Obama 'will not tolerate' VA mishandling veterans' care, urges patience
President Obama promised on Wednesday to punish Department of Veterans Affairs workers who may have covered up deadly scheduling delays for veterans, but asked for patience from those demanding swift action.
Obama dispatched Deputy Chief of Staff Rob Nabors to the VA medical facility in Phoenix, where VA investigators are checking into allegations that at least 40 veterans died while on a secret waiting list. The scandal could grow as the Office of Inspector General checks into 25 other facilities.
The Tribune-Review could not confirm with the VA or the Inspector General if any VA Pittsburgh Healthcare System hospitals — under fire for more than a year over a deadly Legionnaires' outbreak — are involved.
“If these allegations prove to be true, it is dishonorable, it is disgraceful, and I will not tolerate it,” Obama said at a news conference.
He noted some VA executives are on administrative leave while the investigation is underway.
“I know that people are angry and want a swift reckoning. I sympathize with that. But we have to let investigators do their job and get to the bottom of what happened,” Obama said.
The promise failed to placate critics, who say the administration hasn't done enough to hold accountable those whose mistakes harm veterans' health care.
“Immediate action is required, but the president is urging patience,” said Rep. Jeff Miller, R-Fla., chairman of the House Veterans Affairs Committee. Miller said the VA “is in the middle of the biggest health care scandal in its history.”
Congress moved to keep up the pressure on the administration, with the House easily approving a measure Wednesday evening that would give the VA secretary more authority to fire or demote the 450 senior career employees who serve as hospital directors or executives in the agency's 21 regions. The vote was 390 to 33.
Sharon Helman, the director of the Phoenix VA, is among those placed on leave at the request of Inspector General investigators. The VA told Congress on Wednesday that it rescinded the $9,345 bonus Helman received on top of her nearly $170,000 salary.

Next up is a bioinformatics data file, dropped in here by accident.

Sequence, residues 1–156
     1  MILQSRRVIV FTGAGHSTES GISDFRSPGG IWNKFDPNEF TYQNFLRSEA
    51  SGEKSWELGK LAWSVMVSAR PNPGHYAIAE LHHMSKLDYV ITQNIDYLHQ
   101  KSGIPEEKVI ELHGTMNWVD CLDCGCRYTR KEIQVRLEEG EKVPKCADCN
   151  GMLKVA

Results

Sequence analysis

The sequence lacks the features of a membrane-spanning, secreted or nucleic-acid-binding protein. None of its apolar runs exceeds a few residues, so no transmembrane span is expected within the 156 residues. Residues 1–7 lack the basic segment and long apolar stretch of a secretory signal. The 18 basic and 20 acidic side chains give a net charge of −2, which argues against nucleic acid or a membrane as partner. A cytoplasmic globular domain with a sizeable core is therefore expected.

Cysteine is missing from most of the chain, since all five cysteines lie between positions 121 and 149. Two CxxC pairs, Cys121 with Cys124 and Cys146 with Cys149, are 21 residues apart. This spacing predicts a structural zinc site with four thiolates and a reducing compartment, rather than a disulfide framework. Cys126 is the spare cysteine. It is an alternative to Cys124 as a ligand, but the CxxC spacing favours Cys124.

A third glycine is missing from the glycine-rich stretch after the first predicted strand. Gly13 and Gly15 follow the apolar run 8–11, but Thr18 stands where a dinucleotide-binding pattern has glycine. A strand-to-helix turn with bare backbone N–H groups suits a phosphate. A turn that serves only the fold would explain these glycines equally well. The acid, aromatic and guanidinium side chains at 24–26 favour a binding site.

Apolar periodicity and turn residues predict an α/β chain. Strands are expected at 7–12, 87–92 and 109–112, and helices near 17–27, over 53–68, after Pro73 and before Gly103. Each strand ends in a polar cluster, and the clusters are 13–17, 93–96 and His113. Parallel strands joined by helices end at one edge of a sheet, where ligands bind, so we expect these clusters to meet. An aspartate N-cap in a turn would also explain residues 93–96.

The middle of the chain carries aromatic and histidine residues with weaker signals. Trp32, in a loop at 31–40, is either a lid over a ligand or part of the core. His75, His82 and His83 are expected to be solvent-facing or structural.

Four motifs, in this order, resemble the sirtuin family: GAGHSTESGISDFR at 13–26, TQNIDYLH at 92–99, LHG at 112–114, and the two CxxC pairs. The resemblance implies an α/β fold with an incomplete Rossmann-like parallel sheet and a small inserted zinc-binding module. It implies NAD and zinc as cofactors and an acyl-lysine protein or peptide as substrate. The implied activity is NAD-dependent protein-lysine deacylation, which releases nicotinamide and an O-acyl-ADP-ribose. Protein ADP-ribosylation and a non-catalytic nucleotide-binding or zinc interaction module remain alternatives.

“If somebody's mismanaged or engaged in misconduct, not only do I not want them getting bonuses, I want them punished,” Obama said.
But the White House remained mum to a Trib inquiry about a much larger bonus it approved in 2012 for Michael Moreland, then the VA's Pittsburgh-based regional director, during a Legionnaires' disease outbreak in which at least six veterans died and at least 16 more fell ill.
VA leaders defended Moreland's $63,000 bonus and allowed him to retire without trying to get the money back, even after the Inspector General found mistakes and mismanagement contributed to the outbreak.
“As I understand it, we cannot retract or take back these bonuses,” Dr. Robert Petzel, then the VA undersecretary for health, told Congress on Sept. 9. Petzel retired last week, though the VA tried to pass his departure off as a resignation.
The VA has not disclosed any disciplinary action related to the Pittsburgh VA outbreak.
The Centers for Disease Control and Prevention said the outbreak lasted from February 2011 to November 2012, but a Trib investigation found alarmingly high levels of Legionella — the bacteria that cause the pneumonia — in the VA's water system as far back as 2007. The Trib found discrepancies between what some officials told Congress and the public, and what others said.
More than 80 percent of Americans believe the country isn't doing enough to support veterans health care, according to a Robert Morris University poll. The poll by RMU's Polling Institute registered the opinions of 1,004 people from May 6-13, and has a margin of error of plus or minus 3 percentage points.
Mike Wereschagin is a Trib Total Media staff writer. Reach him at 412-320-7900 or email@example.com.